Anyway, my previous batches of ginger ale have reached high carbonation levels as quickly as 5 days before.  

 

I've thought about force carbonating, but I think it tastes better when you brew it.  I guess I've got something in me that always wants to do things the hard way.  Maybe I'll add the force carbonation to my bag of tricks anyway.  The more I think about it, I'm not sure there's any way to have the yeast do the carbonating, but then get it out of the finished product.  That might be trying to have my cake and eat it too.

post #5 of 11

I know a lot of people use the plastic screw top bottles. They don't explode and you can bleed pressure of by just loosening the cap.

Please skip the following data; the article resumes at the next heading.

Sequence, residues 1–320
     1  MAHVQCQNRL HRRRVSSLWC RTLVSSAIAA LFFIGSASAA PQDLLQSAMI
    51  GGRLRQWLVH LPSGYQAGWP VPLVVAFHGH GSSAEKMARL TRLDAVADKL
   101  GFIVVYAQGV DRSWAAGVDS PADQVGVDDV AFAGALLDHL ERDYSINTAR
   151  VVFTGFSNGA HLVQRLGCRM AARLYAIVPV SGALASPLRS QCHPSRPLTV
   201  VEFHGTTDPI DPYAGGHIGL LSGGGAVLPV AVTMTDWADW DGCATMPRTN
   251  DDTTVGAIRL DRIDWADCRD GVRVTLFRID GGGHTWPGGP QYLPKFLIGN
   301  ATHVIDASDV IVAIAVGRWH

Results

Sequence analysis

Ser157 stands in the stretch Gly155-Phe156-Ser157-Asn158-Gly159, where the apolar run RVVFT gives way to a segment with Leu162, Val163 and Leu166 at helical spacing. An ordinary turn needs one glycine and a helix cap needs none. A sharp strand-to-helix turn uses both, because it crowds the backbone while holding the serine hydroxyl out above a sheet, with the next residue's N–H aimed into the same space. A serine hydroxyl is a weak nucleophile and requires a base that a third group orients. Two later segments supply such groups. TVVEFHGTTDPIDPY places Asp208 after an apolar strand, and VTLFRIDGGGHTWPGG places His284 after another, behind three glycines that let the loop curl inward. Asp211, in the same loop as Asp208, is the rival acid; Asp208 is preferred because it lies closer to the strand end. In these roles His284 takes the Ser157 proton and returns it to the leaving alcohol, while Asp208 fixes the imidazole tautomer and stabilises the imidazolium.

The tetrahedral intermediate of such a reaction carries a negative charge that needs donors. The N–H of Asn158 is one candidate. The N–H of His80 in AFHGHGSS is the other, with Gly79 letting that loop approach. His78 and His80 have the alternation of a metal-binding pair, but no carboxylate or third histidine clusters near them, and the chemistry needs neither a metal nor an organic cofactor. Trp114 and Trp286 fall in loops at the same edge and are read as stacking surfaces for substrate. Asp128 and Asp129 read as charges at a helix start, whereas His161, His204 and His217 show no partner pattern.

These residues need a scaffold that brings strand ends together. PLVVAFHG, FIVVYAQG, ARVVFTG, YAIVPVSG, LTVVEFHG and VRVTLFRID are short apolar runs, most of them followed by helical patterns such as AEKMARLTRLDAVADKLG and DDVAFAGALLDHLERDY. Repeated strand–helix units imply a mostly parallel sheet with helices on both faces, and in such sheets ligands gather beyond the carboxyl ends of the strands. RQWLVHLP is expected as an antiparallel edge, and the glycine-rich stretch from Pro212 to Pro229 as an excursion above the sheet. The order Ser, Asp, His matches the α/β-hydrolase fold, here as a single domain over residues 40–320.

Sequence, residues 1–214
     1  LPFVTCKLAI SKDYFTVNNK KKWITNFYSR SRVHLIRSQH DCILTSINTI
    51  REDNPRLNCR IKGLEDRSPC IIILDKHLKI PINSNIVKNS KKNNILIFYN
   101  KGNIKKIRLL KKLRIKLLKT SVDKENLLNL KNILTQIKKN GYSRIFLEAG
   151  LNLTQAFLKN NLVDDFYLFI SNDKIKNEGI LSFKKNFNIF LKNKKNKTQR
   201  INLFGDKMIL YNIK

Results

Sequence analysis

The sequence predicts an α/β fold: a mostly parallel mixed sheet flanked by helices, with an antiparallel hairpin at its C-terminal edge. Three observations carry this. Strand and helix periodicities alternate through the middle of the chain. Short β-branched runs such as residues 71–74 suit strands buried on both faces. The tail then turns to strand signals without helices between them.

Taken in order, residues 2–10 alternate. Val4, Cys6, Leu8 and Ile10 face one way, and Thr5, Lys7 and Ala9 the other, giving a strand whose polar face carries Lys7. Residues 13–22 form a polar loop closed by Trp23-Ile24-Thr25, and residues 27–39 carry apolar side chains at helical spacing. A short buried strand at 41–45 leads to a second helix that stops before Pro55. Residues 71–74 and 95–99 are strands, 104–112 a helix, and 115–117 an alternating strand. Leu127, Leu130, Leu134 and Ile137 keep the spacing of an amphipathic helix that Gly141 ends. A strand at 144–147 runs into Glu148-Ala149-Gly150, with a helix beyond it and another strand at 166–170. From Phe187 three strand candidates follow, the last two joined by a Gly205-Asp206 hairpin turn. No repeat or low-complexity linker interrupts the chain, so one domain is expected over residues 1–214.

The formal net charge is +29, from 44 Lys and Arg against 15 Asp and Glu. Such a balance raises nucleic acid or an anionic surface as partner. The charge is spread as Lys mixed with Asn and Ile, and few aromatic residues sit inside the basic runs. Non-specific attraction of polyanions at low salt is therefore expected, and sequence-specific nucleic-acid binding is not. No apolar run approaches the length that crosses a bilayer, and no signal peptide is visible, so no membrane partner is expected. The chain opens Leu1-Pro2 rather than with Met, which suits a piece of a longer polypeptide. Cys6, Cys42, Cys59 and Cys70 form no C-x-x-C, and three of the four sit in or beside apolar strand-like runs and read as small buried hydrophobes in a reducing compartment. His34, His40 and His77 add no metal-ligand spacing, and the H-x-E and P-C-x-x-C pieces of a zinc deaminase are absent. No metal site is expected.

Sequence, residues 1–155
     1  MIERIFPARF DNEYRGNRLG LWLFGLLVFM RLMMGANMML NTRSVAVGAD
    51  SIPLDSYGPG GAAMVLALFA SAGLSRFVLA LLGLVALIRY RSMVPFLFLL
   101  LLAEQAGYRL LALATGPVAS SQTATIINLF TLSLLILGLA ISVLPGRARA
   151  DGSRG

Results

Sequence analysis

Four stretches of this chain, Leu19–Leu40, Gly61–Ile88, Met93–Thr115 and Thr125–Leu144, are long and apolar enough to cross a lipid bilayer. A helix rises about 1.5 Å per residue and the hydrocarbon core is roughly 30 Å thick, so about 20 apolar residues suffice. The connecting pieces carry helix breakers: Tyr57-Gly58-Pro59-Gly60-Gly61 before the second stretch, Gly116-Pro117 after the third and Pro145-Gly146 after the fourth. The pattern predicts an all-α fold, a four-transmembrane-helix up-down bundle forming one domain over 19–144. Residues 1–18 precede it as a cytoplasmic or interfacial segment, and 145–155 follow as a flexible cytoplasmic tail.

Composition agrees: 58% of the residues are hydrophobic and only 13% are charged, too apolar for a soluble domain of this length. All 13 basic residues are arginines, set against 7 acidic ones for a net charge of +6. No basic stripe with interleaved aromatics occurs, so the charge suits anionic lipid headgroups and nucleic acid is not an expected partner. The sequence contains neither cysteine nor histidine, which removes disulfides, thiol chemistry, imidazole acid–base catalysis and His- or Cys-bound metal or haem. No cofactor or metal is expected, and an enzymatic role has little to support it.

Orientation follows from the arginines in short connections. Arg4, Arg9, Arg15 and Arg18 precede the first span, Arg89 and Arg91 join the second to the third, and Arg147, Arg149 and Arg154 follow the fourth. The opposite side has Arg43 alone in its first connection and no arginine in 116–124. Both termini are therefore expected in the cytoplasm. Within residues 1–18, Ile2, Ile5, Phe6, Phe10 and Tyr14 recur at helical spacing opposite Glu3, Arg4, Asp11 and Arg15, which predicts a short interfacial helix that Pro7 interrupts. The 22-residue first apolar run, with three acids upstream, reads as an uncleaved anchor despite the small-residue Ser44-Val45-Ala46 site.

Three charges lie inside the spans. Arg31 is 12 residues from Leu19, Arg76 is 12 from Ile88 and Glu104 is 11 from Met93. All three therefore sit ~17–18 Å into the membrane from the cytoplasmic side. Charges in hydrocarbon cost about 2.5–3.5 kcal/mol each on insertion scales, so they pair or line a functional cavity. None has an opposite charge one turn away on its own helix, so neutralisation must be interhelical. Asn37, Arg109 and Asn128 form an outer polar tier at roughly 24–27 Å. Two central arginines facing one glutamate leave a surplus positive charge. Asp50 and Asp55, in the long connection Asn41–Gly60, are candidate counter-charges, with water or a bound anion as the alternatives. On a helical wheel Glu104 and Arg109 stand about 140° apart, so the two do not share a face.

post #6 of 11

 

Quote:
Originally Posted by ThsMormonSmokes View Post

The more I think about it, I'm not sure there's any way to have the yeast do the carbonating, but then get it out of the finished product.  That might be trying to have my cake and eat it too.

 

You could always carbonate them naturally up to the point where you are satisfied with the carbonation levels, then put them into a bath of hot water (160F) for about 15 mins to pasteurize them and kill the yeast.

 

 

post #7 of 11
Thread Starter 

 

Quote:
Originally Posted by BDawg View Post

 

 

You could always carbonate them naturally up to the point where you are satisfied with the carbonation levels, then put them into a bath of hot water (160F) for about 15 mins to pasteurize them and kill the yeast.

 

 

 

I hadn't thought of that.  Might have to give it a try.  If it can neutralize the taste of the yeast any, that would be an improvement.

 

But can anyone explain to me how home brewers carbonate their beer when they brew in bottles?  It is somehow through yeast metabolizing sugar, isn't it?